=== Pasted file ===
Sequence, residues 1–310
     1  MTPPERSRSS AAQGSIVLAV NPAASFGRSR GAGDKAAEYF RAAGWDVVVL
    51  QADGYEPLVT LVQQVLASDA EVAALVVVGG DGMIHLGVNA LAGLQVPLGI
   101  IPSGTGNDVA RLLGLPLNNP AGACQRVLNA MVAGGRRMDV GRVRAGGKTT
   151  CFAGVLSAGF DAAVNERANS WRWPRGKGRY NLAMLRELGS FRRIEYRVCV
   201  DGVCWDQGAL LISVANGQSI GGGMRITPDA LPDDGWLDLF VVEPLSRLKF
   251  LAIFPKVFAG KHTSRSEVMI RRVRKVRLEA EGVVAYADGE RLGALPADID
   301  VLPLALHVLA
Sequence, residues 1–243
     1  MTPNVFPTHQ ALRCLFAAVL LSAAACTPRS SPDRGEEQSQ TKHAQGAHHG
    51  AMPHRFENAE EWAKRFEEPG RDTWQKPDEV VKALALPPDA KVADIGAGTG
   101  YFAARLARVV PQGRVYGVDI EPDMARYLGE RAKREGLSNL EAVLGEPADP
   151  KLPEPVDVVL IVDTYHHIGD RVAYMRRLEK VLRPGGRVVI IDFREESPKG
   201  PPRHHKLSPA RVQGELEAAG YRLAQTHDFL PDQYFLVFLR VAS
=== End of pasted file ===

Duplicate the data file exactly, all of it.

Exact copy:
Sequence, residues 1–310
     1  MTPPERSRSS AAQGSIVLAV NPAASFGRSR GAGDKAAEYF RAAGWDVVVL
    51  QADGYEPLVT LVQQVLASDA EVAALVVVGG DGMIHLGVNA LAGLQVPLGI
   101  IPSGTGNDVA RLLGLPLNNP AGACQRVLNA MVAGGRRMDV GRVRAGGKTT
   151  CFAGVLSAGF DAAVNERANS WRWPRGKGRY NLAMLRELGS FRRIEYRVCV
   201  DGVCWDQGAL LISVANGQSI GGGMRITPDA LPDDGWLDLF VVEPLSRLKF
   251  LAIFPKVFAG KHTSRSEVMI RRVRKVRLEA EGVVAYADGE RLGALPADID
   301  VLPLALHVLA
Sequence, residues 1–243
     1  MTPNVFPTHQ ALRCLFAAVL LSAAACTPRS SPDRGEEQSQ TKHAQGAHHG
    51  AMPHRFENAE EWAKRFEEPG RDTWQKPDEV VKALALPPDA KVADIGAGTG
   101  YFAARLARVV PQGRVYGVDI EPDMARYLGE RAKREGLSNL EAVLGEPADP
   151  KLPEPVDVVL IVDTYHHIGD RVAYMRRLEK VLRPGGRVVI IDFREESPKG
   201  PPRHHKLSPA RVQGELEAAG YRLAQTHDFL PDQYFLVFLR VAS